Home' Charter : 1111 Charter Contents 40 Charter I November 2011
Opinion > Financial ser vices
Public relations consultants, sometimes
pejoratively referred to as spin-doctors,
often tell their clients about the political
effectiveness of repeating a simple message.
In recent times, we’ve seen the success of this
strategy with the proposed carbon tax being
described as ‘a big new tax on everything’.
Supporters of the carbon tax cry foul,
claiming that it’s not a tax at all. They say
it’s only a levy on polluters accompanied by
compensating handouts should members
of the community suffer as a result of price
increases. The supporters’ argument, albeit
somewhat confusing and unquantiﬁed,
doesn’t seem to cut through because the
critics’ message is so compellingly simple.
It’s as though the simple message is the only
one that people want to hear.
So what’s all this got to do with ﬁnancial
planning? I’m certainly not using Charter to
argue the merits of a carbon tax, but there
is an important lesson to be learned by
ﬁnancial planning reformers from observing
the actions of politicians and their spin-
doctors. The lesson is to stay on message
and to repeat the message persistently. It’s
the only way to cut through the cacophony
of complexity, controversy, diversions, scare
tactics, obfuscations and Armageddon
scenarios that some of the ﬁnancial planning
industry’s leaders are adept at trotting out
against genuine reform.
Regular readers of this column will
know that I do go on (and on) about the
importance of ethics in ﬁnancial planning,
and especially about the need for genuine
remuneration reform (as proposed by the
APESB in APES230). I apologise to those
readers who ﬁnd this tiresome, but the
repetition does work.
There is no such thing as 'optional ethics'
for Chartered Accountants.
Robert MC Brown FCA
Of course, I’m not claiming that the battle
is over yet, or that this writer has been a
lone voice crying in the wilderness. Far
from it. However, what I have noticed is as
the debate has progressed more people
have been willing to accept that genuine
reform (including the removal of percentage-
based asset fees and commissions on life
insurance) is inevitable.
Take the begrudging words of one
trenchant critic of reform who recently said
(while not giving up a centimetre of ground):
“Well, it looks like it’s going to happen, so
let’s just get on with it, so long as there are
some reasonable transition provisions.”
Some critics have gone so far as to
concede that genuine reform must happen if
only to get the industry’s detractors off their
backs. Others (in surprisingly inﬂuential places
in the industry) have actually gone so far as
to accept the ethical principle that ﬁnancial
planners must act without remuneration
conﬂicts if they are to be trusted by the
community to act in the public interest.
The latter is an important development
because it eliminates the hitherto pervasive
argument that there’s nothing amiss with
the industry’s fundamental structure and
that all will be well if the regulator removes
the bad apples from the barrel; or to put
the same argument another way, most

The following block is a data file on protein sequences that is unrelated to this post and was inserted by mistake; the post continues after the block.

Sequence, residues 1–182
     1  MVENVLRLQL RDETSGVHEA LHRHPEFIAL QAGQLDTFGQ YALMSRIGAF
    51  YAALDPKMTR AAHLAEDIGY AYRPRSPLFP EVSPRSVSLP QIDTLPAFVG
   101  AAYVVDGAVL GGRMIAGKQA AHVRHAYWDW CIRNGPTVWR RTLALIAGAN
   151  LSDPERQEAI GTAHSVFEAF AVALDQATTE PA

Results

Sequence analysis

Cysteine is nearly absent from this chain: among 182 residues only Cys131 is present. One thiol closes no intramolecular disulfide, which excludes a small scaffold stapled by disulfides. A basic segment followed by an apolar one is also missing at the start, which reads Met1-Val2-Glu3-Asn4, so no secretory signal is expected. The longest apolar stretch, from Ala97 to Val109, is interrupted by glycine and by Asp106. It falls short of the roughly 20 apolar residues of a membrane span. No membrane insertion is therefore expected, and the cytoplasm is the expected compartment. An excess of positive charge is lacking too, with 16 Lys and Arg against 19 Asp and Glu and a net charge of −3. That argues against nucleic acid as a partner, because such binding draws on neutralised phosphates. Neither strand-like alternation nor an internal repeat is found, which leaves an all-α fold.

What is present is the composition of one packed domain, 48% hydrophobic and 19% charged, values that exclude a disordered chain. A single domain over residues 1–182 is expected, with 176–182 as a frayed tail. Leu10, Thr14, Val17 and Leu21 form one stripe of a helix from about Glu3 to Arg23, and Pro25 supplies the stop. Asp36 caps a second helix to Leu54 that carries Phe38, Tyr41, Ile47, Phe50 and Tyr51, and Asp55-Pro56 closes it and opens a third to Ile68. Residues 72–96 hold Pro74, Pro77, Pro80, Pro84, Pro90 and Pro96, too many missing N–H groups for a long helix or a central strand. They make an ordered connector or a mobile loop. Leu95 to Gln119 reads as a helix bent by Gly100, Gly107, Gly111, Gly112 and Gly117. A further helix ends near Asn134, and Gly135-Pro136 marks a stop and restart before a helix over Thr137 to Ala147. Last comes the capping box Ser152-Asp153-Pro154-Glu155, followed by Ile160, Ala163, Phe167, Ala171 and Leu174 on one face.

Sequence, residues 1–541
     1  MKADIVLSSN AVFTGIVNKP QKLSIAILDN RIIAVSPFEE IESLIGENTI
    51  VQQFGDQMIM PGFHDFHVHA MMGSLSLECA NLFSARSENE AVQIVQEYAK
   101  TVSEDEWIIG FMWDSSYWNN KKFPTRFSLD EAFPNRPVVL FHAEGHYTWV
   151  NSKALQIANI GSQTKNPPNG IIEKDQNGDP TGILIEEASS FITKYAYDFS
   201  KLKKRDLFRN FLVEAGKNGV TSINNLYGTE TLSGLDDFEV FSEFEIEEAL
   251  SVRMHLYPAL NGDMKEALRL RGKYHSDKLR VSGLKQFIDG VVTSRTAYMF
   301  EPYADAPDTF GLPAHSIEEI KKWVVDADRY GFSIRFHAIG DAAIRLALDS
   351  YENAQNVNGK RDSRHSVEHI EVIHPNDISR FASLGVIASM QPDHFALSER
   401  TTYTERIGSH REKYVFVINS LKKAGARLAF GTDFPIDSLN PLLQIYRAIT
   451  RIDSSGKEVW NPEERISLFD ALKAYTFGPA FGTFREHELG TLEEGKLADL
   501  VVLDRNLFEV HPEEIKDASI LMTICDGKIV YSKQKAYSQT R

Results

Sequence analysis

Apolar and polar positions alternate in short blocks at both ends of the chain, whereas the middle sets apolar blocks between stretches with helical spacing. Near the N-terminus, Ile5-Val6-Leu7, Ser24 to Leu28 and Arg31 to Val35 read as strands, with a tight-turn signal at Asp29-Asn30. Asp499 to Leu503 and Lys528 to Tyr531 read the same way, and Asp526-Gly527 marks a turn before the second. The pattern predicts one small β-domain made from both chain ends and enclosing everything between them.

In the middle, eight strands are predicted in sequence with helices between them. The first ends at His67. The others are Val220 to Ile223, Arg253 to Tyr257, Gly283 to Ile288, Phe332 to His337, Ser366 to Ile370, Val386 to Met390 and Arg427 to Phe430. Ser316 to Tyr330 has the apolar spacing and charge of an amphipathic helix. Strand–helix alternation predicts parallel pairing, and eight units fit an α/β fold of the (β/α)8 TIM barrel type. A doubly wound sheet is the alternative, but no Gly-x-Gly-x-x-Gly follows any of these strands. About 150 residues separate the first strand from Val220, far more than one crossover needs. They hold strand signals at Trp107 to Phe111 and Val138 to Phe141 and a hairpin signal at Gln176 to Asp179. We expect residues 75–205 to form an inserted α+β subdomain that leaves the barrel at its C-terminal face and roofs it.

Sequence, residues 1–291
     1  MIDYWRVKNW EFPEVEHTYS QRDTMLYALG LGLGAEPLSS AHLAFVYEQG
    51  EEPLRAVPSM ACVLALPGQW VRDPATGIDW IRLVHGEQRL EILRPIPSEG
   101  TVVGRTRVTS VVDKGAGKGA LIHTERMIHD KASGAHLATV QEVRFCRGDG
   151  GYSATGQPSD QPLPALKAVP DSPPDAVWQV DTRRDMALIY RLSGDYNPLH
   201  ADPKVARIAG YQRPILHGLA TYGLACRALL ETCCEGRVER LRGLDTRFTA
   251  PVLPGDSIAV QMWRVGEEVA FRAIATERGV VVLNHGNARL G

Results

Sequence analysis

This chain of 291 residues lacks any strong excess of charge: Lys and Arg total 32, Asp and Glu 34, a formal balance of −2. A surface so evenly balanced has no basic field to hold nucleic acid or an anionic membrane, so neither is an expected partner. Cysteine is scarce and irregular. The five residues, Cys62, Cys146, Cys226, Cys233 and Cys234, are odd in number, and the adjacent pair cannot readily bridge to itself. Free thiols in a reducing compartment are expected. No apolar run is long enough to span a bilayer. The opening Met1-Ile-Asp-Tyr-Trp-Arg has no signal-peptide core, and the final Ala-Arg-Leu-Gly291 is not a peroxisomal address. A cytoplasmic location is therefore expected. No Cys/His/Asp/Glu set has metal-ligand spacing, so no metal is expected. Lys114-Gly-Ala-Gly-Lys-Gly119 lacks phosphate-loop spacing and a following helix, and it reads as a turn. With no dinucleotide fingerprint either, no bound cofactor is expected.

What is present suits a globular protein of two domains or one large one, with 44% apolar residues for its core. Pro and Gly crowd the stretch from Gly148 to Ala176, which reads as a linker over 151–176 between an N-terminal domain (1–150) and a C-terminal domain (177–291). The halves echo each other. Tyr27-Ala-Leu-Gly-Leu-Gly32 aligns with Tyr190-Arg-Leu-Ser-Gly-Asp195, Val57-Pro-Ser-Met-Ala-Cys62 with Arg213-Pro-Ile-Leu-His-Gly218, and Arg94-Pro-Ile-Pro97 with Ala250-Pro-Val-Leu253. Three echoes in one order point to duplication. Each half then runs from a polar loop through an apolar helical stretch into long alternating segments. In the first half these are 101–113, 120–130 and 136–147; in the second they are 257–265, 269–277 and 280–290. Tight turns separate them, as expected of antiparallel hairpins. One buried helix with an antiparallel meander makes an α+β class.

ﬁnancial planners deserve to be treated
as professionals while receiving conﬂicted
remuneration, such as percentage-based
asset fees and commissions on life insurance,
provided they fully disclose their conﬂicts.
In the case of accountants, this specious
argument has been implicitly accompanied
by the special pleading that practising
accountants who offer ﬁnancial planning
services should receive an exemption
from the application of our code of ethics
(APES110) on the basis that ﬁnancial
planning is somehow different and that our
members who are engaged in it should not
have the usual ethical rules applied to them.
The argument continues that it is unfair
for ﬁnancial planners who are accountants
to be required to comply with our code (and
APES230) when non-accountant ﬁnancial
planners are not required to do so. This is
the commercial level playing ﬁeld argument.
The problem with it is that membership of a
true professional body (such as the Institute
of Chartered Accountants in Australia)
is properly accompanied by mandatory
compliance with the highest professional and
ethical standards from which there can be no
exemptions or carve-outs.
In other words, being a Chartered
Accountant does not involve ‘optional ethics’
designed to suit particular commercial
circumstances. And in any event, most
members know that the substantial
professional advantage of our designation
(trust) more than compensates them for any
perceived commercial disadvantage arising
from lower ethical standards allowed across
much of the ﬁnancial planning industry.
In her August 2011 Charter column, our
president, Rachel Grimes FCA, wrote: “Ethics
is a founding attribute of our designation...
ethics is the currency of our market,
underpinned by the principles of integrity,
objectivity, professional competence,
due care, conﬁdentiality and professional
behaviour” (as outlined in APES110). That’s
exactly why we cannot take a backward
step when it comes to the ethics of ﬁnancial
planning. It’s why increasing numbers
of members (and non-members alike)
understand that APES230 must be adopted
‘without fear or favour’.
Robert MC Brown FCA is a ﬁnancial planning
There is an important lesson to be learned by
financial planning reformers from observing the
actions of politicians and their spin-doctors
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